Age 52 at diagnosis, father died of PCa
 
PSA: 10/16/09 - 2.8; 1/11/10 - 3.8
Biopsy 11/25/09, 11 core samples - HG PIN on right side
Biopsy 2/17/10, 11 core samples - left side, adenocarcinoma, Gleason 6, one core at 5%
Notified of dx on 3/12/10 (27th wedding anniversary) via phone by the nurse! (dropped this Uro!)
MRI 3/17/10 and bone scan, 3/23/10, indicate: gland volume is 27mL, PCa is confined to prostate, seminal vesicles and vas deferens are unremarkable.
 
RALP conducted 19 May 2010 by Dr. Lee at U. Penn Presbyterian
Pathology report on 10 Jun 2010: Gleason 6; gland involvement by carcinoma < 2%; tumor in peripheral zone on BOTH sides; no capsular, extracapsular extension, lymph node, or seminal vesical involvement; and no positive margins.
 
Incontinence: first four days after catheter removal - only1-3 pads/day (but urethra was inflammed); 2d week (after inflammation) - 8-10 pads/day (sometimes more!); 3d week - 4-6 pads; 4th week - 3-4 pads.


goodlife
Veteran Member


Date Joined May 2009
Total Posts : 2691
   Posted 6/14/2010 5:32 PM (GMT -6)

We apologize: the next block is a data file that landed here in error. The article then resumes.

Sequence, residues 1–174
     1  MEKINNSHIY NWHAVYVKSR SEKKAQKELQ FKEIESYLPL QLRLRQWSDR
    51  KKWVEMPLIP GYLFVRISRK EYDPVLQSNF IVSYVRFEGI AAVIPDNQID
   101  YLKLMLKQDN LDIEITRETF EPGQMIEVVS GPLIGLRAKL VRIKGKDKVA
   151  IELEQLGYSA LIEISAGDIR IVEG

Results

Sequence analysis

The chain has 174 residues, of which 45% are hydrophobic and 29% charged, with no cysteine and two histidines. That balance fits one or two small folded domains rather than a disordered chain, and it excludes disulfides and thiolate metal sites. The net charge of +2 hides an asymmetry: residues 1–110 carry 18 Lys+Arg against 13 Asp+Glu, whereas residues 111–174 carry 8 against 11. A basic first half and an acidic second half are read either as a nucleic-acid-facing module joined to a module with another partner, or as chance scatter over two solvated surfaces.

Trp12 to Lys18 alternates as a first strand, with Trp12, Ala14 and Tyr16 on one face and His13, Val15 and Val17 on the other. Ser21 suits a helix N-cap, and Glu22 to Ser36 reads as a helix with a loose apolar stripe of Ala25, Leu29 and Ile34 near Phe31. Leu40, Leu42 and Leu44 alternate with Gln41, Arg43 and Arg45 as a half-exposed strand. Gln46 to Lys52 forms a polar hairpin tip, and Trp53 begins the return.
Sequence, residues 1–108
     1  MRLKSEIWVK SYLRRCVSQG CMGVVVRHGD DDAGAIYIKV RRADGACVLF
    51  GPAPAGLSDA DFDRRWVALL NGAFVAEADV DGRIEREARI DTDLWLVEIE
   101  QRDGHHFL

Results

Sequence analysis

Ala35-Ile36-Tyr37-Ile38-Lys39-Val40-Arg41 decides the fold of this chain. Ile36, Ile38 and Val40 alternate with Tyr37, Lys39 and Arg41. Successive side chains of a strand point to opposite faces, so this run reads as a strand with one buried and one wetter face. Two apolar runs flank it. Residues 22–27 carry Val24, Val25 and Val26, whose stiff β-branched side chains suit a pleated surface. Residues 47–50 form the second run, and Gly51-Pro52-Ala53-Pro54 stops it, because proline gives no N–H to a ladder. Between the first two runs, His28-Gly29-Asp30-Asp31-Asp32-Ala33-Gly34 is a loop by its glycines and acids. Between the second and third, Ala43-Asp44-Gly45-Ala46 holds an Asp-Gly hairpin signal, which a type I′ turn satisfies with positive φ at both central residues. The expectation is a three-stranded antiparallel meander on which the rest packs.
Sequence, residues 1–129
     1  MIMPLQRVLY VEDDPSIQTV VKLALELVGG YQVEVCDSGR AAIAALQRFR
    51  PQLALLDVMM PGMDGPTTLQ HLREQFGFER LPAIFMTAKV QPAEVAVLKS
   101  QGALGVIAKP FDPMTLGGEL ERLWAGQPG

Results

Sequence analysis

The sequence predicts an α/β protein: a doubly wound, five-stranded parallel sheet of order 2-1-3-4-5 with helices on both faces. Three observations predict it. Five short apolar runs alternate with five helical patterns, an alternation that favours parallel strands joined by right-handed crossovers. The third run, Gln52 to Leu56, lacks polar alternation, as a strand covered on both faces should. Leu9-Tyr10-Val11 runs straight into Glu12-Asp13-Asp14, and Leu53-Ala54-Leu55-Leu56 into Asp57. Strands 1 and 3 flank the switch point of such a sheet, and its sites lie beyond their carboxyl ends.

I still maintain that a lot of this is still an experience thing. A doctor with 800 to 1000 surgeries is more apt to remove everything , plus any surrounding tissue. If your nerves are tangled in the PC , minute amounts of PC can be left in a nerve sparing attempt. More experienced doctors make more experienced decsions. IF they don't think they can get it all, they snip the nerve.

I have a young uro who is learning Davinci. I think by last count he has 25 under his belt. I asked how it was going and he said well. He said, " I had a few positive margins at first, but O am getting better."

I did NOT have him do my surgery. I had an EPE, but my surgeon was experienced enough to take the tissue around it , giving me negative margins. If he had just taken what he thought was the prostate, my numbers would most likely not be as good.
Goodlife
 
Age 58, PSA 4.47 Biopsy - 2/12 cores , Gleason 4 + 5 = 9
Da Vinci, Cleveland Clinic  4/14/09   Nerves spared, but carved up a little.
0/23 lymph nodes involved  pT3a NO MX
Catheter and 2 stints in ureters for 2 weeks .
Neg Margins, bladder neck negative
Living the Good Life, cancer free  6 week PSA  <.03
3 month PSA <.01 (different lab)
5 month PSA <.03 (undetectable)
6 Month PSA <.01
1 pad a day, no progress on ED.  Trimix injection
No pads, 1/1/10,  9 month PSA < .01
1 year psa (364 days) .01


Sephie